Campus Carry Regulations to be Finalized In May

By Grayson Kirkham
News Reporter

 

 Campus Carry Task Force seeks to cater the bill to fit Texas State’s campus. Photo by Grayson Kirkham.
Campus Carry Task Force seeks to cater the bill to fit Texas State’s campus. Photo by Grayson Kirkham.

According to Ammo Land – Shooting Sports News, Students for Concealed Carry commends both Texas State University and University of Texas at Tyler for adopting clear policies and limited gun-free zones without undermining the new state campus carry law or taking away rights from concealed handgun license holders.

Texas Senate Bill 11 will be put into effect on August 1 of this year.The bill deals with the legal carry of concealed handguns on college campuses, including Texas State.

The lawful concealment of a handgun on campus will only apply to those licensed to do so. Despite the ongoing debate over the allowment of the campus carry law, licensed holders have been allowed to carry concealed handguns on campus since 1995, just not inside campus buildings. That will change in August.

While concealed carry will become legal at Texas State next fall, open display of a handgun will still be illegal. There will also be restrictions to buildings a concealed gun can be brought into such as healthcare buildings, childcare facilities and near the president’s house.

Dr. Vicki Brittain, Special Assistant to President Denise Trauth, says a 25-member Campus Carry Task Force was created by Trauth in August of last year to discuss strategies and methods of implementing SB 11 on campus. The task force is comprised of staff, faculty, and students, where Brittain works as Chair of the Campus Carry Task Force.

“Under Senate Bill 11 that was passed on June 2015, the law required that the president consult with faculty staff and students and to consider three factors: the nature of the student population, safety concerns, and unique campus environment,” Brittain said.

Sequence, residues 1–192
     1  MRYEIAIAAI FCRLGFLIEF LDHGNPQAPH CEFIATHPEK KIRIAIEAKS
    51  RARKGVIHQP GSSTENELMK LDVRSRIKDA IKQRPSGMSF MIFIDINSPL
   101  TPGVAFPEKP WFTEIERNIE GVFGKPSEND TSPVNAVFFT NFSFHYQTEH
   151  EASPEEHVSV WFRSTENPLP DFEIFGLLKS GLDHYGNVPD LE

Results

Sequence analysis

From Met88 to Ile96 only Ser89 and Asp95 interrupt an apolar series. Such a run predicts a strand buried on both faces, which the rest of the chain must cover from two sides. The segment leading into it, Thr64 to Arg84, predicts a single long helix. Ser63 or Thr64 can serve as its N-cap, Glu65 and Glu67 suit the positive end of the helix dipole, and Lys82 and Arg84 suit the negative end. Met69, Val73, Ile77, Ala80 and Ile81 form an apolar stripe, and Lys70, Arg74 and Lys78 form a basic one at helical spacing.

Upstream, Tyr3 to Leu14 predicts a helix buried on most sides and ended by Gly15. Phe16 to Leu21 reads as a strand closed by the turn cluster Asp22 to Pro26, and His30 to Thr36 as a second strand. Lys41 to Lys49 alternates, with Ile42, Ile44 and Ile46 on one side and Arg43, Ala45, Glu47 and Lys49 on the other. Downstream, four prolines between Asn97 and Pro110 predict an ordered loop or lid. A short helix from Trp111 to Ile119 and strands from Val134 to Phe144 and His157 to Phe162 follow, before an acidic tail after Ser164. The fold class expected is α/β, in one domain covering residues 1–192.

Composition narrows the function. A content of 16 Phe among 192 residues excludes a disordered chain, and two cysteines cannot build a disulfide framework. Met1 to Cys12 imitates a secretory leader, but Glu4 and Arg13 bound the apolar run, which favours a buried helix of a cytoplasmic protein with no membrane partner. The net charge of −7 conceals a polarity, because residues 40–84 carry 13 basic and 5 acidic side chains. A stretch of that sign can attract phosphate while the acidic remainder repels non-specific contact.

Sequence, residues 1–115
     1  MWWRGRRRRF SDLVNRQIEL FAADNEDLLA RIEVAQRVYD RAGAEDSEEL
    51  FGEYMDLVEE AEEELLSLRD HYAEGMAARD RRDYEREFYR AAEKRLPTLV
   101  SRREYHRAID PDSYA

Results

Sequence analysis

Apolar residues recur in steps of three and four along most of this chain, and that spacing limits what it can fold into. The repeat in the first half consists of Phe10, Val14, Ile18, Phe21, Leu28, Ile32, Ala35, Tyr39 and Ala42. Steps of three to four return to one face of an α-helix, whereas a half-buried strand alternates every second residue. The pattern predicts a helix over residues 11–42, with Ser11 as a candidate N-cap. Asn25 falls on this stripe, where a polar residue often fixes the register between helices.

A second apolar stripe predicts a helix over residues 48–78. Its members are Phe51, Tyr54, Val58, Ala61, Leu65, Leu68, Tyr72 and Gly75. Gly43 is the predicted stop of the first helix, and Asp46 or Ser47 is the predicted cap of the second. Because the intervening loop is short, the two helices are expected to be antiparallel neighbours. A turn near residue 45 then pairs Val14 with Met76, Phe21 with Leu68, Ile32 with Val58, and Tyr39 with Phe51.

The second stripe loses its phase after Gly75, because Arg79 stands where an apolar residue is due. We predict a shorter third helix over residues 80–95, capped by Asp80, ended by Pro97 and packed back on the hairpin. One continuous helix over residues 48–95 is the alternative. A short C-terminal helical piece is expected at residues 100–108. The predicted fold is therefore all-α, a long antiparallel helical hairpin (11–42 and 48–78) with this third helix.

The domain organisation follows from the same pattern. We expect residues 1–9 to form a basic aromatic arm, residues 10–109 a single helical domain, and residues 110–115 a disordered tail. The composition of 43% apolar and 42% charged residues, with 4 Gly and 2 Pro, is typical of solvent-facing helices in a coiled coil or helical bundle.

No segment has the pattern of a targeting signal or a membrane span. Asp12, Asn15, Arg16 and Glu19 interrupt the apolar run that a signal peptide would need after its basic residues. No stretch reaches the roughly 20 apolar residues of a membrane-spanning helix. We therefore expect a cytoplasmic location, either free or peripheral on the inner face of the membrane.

Brittain said the task force is divided into eight different subgroups, in order to increase group efficiency. Each subgroup does their own survey and focus group work with various different stakeholders in whichever area they were assigned to.

She says the group spent a lot of time doing data collection where they gathered inventory and data about the demographics of the Texas State student population. One of the things they looked at were classrooms sizes.

Students cannot acquire a CHL unless they are 21 years of age or older. Photo by Grayson Kirkham.
Students cannot acquire a CHL unless they are 21 years of age or older. Photo by Grayson Kirkham.

“What we determined demographically was most of those large classrooms are populated by students that are less than 21-years-old,” Brittain said. “So, you’re probably not going to have as many guns in those classrooms as you would in a classroom that has a higher average age.”

She said after the consultation process, the president can establish reasonable rules and regulations. After the passing of SB 11, Trauth created an open link survey on the university website so anyone can post comments and suggestions about the implementation of the law and charged the new task force with soliciting comments and thoughts about how to do so.

“We’ve really taken a real comprehensive view of this because we want make sure that when we implement Campus Carry on a Texas State University Campus that we’re going to be able to do so in a manner that is going to continue to allow the university to foster an educational environment that’s safe, secure, open, tolerant, and still rich with vibrant discussion, debate, academic freedom and discourse,” Brittain said.

The final proposed rules were presented to President Trauth on February 23. According to Brittain, the rules will be presented to The Texas State University System Board of Regents on May 26 and 27. While Brittain hopes the rules will be approved, the Board has the right to amend those rules by a two-thirds vote.

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